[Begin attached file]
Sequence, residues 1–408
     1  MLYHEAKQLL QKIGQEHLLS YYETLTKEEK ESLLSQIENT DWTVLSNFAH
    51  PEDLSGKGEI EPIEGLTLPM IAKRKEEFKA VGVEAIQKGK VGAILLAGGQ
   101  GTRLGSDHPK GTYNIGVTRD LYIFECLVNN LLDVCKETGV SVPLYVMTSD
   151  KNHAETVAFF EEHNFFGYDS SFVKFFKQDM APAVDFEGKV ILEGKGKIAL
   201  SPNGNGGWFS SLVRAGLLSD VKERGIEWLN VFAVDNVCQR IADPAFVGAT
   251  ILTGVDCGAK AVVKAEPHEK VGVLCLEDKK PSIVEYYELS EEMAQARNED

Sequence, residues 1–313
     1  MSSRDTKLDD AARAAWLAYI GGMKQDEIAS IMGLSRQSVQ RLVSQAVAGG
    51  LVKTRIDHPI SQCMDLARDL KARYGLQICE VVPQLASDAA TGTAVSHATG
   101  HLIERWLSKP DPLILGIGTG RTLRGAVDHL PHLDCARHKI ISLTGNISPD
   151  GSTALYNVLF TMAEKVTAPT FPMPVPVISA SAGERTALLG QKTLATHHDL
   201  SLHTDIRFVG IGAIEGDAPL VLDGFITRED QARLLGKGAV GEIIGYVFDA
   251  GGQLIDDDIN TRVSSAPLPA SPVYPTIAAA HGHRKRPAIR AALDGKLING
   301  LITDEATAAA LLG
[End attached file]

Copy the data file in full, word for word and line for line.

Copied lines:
Sequence, residues 1–408
     1  MLYHEAKQLL QKIGQEHLLS YYETLTKEEK ESLLSQIENT DWTVLSNFAH
    51  PEDLSGKGEI EPIEGLTLPM IAKRKEEFKA VGVEAIQKGK VGAILLAGGQ
   101  GTRLGSDHPK GTYNIGVTRD LYIFECLVNN LLDVCKETGV SVPLYVMTSD
   151  KNHAETVAFF EEHNFFGYDS SFVKFFKQDM APAVDFEGKV ILEGKGKIAL
   201  SPNGNGGWFS SLVRAGLLSD VKERGIEWLN VFAVDNVCQR IADPAFVGAT
   251  ILTGVDCGAK AVVKAEPHEK VGVLCLEDKK PSIVEYYELS EEMAQARNED

Sequence, residues 1–313
     1  MSSRDTKLDD AARAAWLAYI GGMKQDEIAS IMGLSRQSVQ RLVSQAVAGG
    51  LVKTRIDHPI SQCMDLARDL KARYGLQICE VVPQLASDAA TGTAVSHATG
   101  HLIERWLSKP DPLILGIGTG RTLRGAVDHL PHLDCARHKI ISLTGNISPD
   151  GSTALYNVLF TMAEKVTAPT FPMPVPVISA SAGERTALLG QKTLATHHDL
   201  SLHTDIRFVG IGAIEGDAPL VLDGFITRED QARLLGKGAV GEIIGYVFDA
   251  GGQLIDDDIN TRVSSAPLPA SPVYPTIAAA HGHRKRPAIR AALDGKLING
   301  LITDEATAAA LLG